When I see Colson Whitehead has a new book, I know it will be excellent and likely one of the year’s best. The Underground Railroad met my high expectations and then some.
I confess, he had me worried for a bit. It begins on a cotton plantation in Georgia where Cora is an ostracized, but feared slave, able to hold onto her precious three feet of garden through grit and determination. The Randall plantation is cruel, life is harsh and I began to fear that Whitehead was going to disappoint me because he never tells a normal narrative and this was sounding like another of the many stories of black pain that America loves so much more than black agency. However, as soon as we get to the Underground Railroad, well, then you know you’re in a real Colson Whitehead novel.
Why? Because the Underground Railroad is a real train. It’s underground, it’s a railroad, and it takes people to freedom, or to the next stop anyway. Cora and Caeser who encouraged her to escape wait in the tunnel and take it to the next stop, South Carolina, where the first thing they see is a skyscraper. Yes!
So Porsha Williams has been redeemed by Colson Whitehead. For those of you who are unfamiliar with the Real Housewives of Atlanta, Porsha Williams, the granddaughter of the civil rights activist Hosea Williams, famously asked how the train got out of the church basement that was a stop on the Underground Railroad.
All joking aside, The Underground Railroad is an ingenious reimagining of America that may bite too close to the bone for some. Whitehead takes American federalism up a notch, imagining how the different states might organize their peculiar institution. South Carolina, for example, has all the slaves owned by the government, educated and provided housing and health care. They receive scrip to make their purchases locally, though the price is higher in the stores the black people patronize. It is all so very rational, scientific, and benevolent, until Cora sees beneath the surface.
Then there is North Carolina which decides to enact a law similar to Oregon’s constitutional prohibition of blacks owning businesses or property and residing in the state. They have a Freedom Road that will give anyone nightmares. But in a slave nation, perhaps death is the only freedom that exists.
There’s Tennessee benighted by fires and yellow fever and Indiana, a free state that may tolerate black people, but not successful black people and connecting them all, the Underground Railroad.
We hear from some of the white people in this story, too. The slave-catcher Ridgeway, the white woman who dreamed of ministering to people in Africa, Cora’s Africa-born grandmother and her runaway mother. They all complete this picture that perhaps gives a more honest portrayal of America than something factual can ever do. Landon, a black intellectual who speaks against slavery across the country said, “A useful delusion is better than a useless truth.” He was talking about the hope in the face of slavery and arguing that knowing they cannot succeed should not keep them from trying, but it seemed to me that it also applied to Whitehead whose exaggerated and imagined story lays bare the awful truths of our history.
Sometimes reading this you can the past as prologue, as in the description of the slave patrols, the historic origin of today’s police force, who would stop black people to see their passes, and stop people they knew to be free “for their amusement but also to remind the Africans of the forces arrayed against them.” Ah, the early days of Stop and Frisk.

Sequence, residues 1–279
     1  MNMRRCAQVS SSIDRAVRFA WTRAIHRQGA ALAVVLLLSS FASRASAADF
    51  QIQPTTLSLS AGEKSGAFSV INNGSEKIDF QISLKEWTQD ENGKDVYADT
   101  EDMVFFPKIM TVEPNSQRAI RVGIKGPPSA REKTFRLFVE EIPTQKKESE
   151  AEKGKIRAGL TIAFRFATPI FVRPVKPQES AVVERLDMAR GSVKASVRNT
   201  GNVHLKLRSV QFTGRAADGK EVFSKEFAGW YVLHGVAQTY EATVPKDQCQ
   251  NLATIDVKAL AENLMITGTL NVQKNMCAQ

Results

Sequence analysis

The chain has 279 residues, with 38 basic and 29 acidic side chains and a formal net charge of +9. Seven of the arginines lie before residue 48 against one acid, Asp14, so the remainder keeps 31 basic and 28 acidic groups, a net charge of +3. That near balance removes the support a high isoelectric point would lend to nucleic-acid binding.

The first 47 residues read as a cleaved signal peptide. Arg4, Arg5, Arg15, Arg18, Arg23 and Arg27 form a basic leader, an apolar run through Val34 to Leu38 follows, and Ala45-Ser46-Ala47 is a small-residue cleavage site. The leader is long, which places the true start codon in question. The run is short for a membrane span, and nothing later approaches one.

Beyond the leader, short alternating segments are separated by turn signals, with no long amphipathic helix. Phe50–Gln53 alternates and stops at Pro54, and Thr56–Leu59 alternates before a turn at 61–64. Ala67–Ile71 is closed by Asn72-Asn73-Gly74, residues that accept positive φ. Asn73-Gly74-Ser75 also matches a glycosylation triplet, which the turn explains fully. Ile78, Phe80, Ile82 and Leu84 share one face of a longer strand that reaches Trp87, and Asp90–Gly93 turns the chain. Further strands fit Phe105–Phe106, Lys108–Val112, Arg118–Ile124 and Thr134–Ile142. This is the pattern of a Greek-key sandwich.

There is the roots of today’s Prosperity Gospel that argues those who have, have it because they deserve it and those who do not have, are without because they are undeserving in the “racial logic” that black people are supposed to be “in chains, or they would not be enslaved,” that the Native Americans were supposed to lose their land, or they would not have lost it and white were supposed to have power, or they would not have power. That the existence of a fact was the proof that God ordained that fact. “Here was the true Great Spirit, the divine thread connecting all human endeavor– if you can keep it, it is yours. Your property, slave, or continent.” Manifest destiny indeed.
I have been a fan of Colson Whitehead since The Intuitionist and when I read of Landon in Underground Railroad sleeping in a closet at school because no whites would room with him, I was reminded that Lila Mae in The Intuitionist did the same thing. It makes me think this really happened to someone, one of those “first black” pioneer who broke barriers.
I loved The Underground Railroad for many reasons, but most of all because the black people who were saved, saved themselves. Yes, there were white people who helped with the Underground Railroad, who hid runaways and played the role of station masters along the route, but the real agency was in the hands of black people. Who built the Underground Railroad? “Who builds anything in this country?” is the answer. This is a story of a black woman building her future, of black people building their freedom against overwhelming odds. This is The No-Help book, the one where black people make the decisions and rescue themselves. I am sure it will be terribly shocking for some.
I recommend reading this with all your pencils and highlighters far away from you. Otherwise, you might end up with every page marked up. That’s how good this is.
“And America, too, is a delusion, the grandest one of all. The white race believes–believes with all its heart–that it is their right to take the land. To kill Indians. Make war. Enslave their brothers. This nation shouldn’t exist, if there were any justice in the world, for its foundations are murder, theft and cruelty. Yet here we are.”
The Underground Railroad will be released on September 13th. I received an Advance Review e-galley from the publisher via NetGalley.